Peanuts is awesome. Not only does it have a unique and extremely funny sense of humor, but its characters and images are like mythic archetypes that sum up aspects of the human experience. Do Sisyphus and his boulder represent the inevitability of failure better than Charlie Brown and Lucy’s football? Does Viola’s speech in Twelfth Night about “Patience on a monument” describe the pain of unrequited love, unexpressed unrequited love in particular, better than the little red-haired girl? Besides the comic strip itself, Peanuts has provided us with countless animated specials.Well, OK, they’re not literally countless. You can count them but it’s intimidating. But you’re likely only familiar with three of themIf you’re American anyway. If you’re from another country, you may not even be familiar with those., A Charlie Brown Christmas, It’s the Great Pumpkin, Charlie Brown and A Charlie Brown Thanksgiving. And there’s a school of criticism that claims the last one of those is inferior to the other two.I, myself, sometimes think It’s the Great Pumpkin is a little overrated but that’s not worth a fight.
But is it true that there are only two or three truly great Charlie Brown specials? I say nay! And I am going to write about the ones that I think are the most underrated.I’m actually doing this as both a YouTube video and a blog post. If you’d like to watch the video version (and check out of my extremely modest YouTube channel), here it is, but I warn … Continue reading
Charlie Brown’s All Stars (1966)
This one has a particularly good vintage, coming out right between A Charlie Brown Christmas and It’s the Great Pumpkin, Charlie Brown but, not being associated with a holiday, it hasn’t gotten the same amount of airtime. Just as It’s the Great Pumpkin adapted a number of great Halloween-themed Peanuts comics, this one adapts a number of great baseball-themed ones and just as A Charlie Brown Christmas featured a dramatically compelling original story, so does this.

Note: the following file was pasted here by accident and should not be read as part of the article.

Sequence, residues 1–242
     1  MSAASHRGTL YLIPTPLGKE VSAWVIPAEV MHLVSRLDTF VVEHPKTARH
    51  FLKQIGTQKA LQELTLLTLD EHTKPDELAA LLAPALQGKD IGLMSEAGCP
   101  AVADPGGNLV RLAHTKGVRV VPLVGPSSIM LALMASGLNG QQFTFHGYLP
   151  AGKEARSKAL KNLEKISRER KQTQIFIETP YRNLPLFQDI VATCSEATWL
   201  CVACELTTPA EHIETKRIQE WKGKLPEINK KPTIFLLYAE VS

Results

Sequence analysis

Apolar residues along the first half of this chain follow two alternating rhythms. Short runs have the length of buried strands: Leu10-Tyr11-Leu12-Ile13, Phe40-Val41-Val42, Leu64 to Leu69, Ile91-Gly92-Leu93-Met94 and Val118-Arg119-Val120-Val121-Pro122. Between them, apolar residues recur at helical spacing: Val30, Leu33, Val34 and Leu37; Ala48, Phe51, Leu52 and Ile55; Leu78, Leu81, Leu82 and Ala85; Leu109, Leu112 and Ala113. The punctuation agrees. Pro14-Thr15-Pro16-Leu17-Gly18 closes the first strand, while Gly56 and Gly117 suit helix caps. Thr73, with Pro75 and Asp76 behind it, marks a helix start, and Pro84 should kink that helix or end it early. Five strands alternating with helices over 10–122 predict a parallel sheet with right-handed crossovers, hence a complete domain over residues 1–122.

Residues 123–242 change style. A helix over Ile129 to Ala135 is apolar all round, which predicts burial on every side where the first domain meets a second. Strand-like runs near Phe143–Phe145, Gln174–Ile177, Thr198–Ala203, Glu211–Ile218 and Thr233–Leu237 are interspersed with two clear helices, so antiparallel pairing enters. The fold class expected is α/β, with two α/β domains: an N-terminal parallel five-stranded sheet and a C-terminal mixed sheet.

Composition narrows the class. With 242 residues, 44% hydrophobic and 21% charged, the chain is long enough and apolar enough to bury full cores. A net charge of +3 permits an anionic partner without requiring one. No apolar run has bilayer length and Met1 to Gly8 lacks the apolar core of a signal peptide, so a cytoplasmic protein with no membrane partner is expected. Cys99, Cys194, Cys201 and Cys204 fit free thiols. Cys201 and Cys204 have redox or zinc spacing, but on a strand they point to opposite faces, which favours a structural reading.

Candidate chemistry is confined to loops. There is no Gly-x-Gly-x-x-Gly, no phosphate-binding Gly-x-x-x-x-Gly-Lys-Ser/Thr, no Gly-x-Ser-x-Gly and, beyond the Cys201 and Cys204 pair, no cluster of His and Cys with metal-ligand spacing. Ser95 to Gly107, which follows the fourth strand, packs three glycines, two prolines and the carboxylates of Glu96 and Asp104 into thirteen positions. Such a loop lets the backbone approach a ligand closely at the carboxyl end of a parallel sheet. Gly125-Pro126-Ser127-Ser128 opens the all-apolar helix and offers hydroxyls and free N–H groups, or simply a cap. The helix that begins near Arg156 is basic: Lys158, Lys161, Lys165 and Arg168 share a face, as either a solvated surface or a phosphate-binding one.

Charlie Brown (voiced by Peter Robbins)’s team has finally had their fill of losing and quits, but he’s able to lure them back when local department store owner, Mr. Hansen, offers to be their sponsor and provide them with uniforms. (Like the average adult in a Peanuts special, Mr. Hansen is never seen, and his voice is represented by a foghorn-like sound effect.) But then Charlie Brown has to turn down the offer for a good reason, but one which he can’t explain to his team without hurting them. This leads to a pretty devastating scene, but a happy ending is reached-only to be undermined in typically humorous Peanuts fashion.
Play It Again, Charlie Brown (1971)
Pamelyn Ferdin was probably the best voice actress who ever portrayed Lucy. She could bring out the character’s vulnerable sensitive side while still sounding as brash as she should. This special focuses on her hopeless love for Schroeder (Danny Hjeim) and makes the most hated member of the franchise’s cast quite sympathetic. In the final act, after several hopeless attempts at gaining the miniature musical prodigy’s affections, she manages to get Schroeder the opportunity to play in front of a large audience. Unfortunately, it requires him to play music besides Beethoven and Schroeder has to decide whether or not to compromise his artistic principles. (His reaction to Lucy’s assumption that his piano needs to be plugged into an amplifier is a scream. Literally.)
This conflict does create a continuity problem with A Charlie Brown Christmas and It’s the Great Pumpkin, Charlie Brown where Schroeder seemed perfectly happy to play the works of Vince Guaraldi, John McCormack and others. There’s arguably a callback in the dialogue to the first special, so it’s not as if they’re taking place in separate continuities. But if you’re willing to ignore that little hiccup, this is one of the most interesting Peanuts specials.
You’re Not Elected, Charlie Brown (1972)
Charlie Brown (Chad Weber) is indeed not elected, but what the title doesn’t tell you is that it’s actually Linus (Stephen Shea) who is running for school president with Lucy (Robin Kohn) as his ruthless campaign manager. This special is a great satire of the election process in the USA and much of its humor is still relevant. A scene of Linus doing a radio call in show is especially hilarious. While it’s adapted from a storyline in the comic strip, this special lengthens the plot a bit, making it more suspenseful, and has several jokes of its own. So even if you remember the premise from the newspaper, you should still give it a viewing.
They used to air You’re Not Elected on TV every year after It’s the Great Pumpkin, Charlie Brown. Maybe they still do. But they edited it to make time for commercials and I’m sorry to state that they butchered it. Jokes were cut and sometimes punchlines were kept without their proper setups. The pacing and comedic timing were totally ruined. If you’ve only seen the edited for television version of this special, you haven’t seen it.
There’s No Time for Love, Charlie Brown (1973)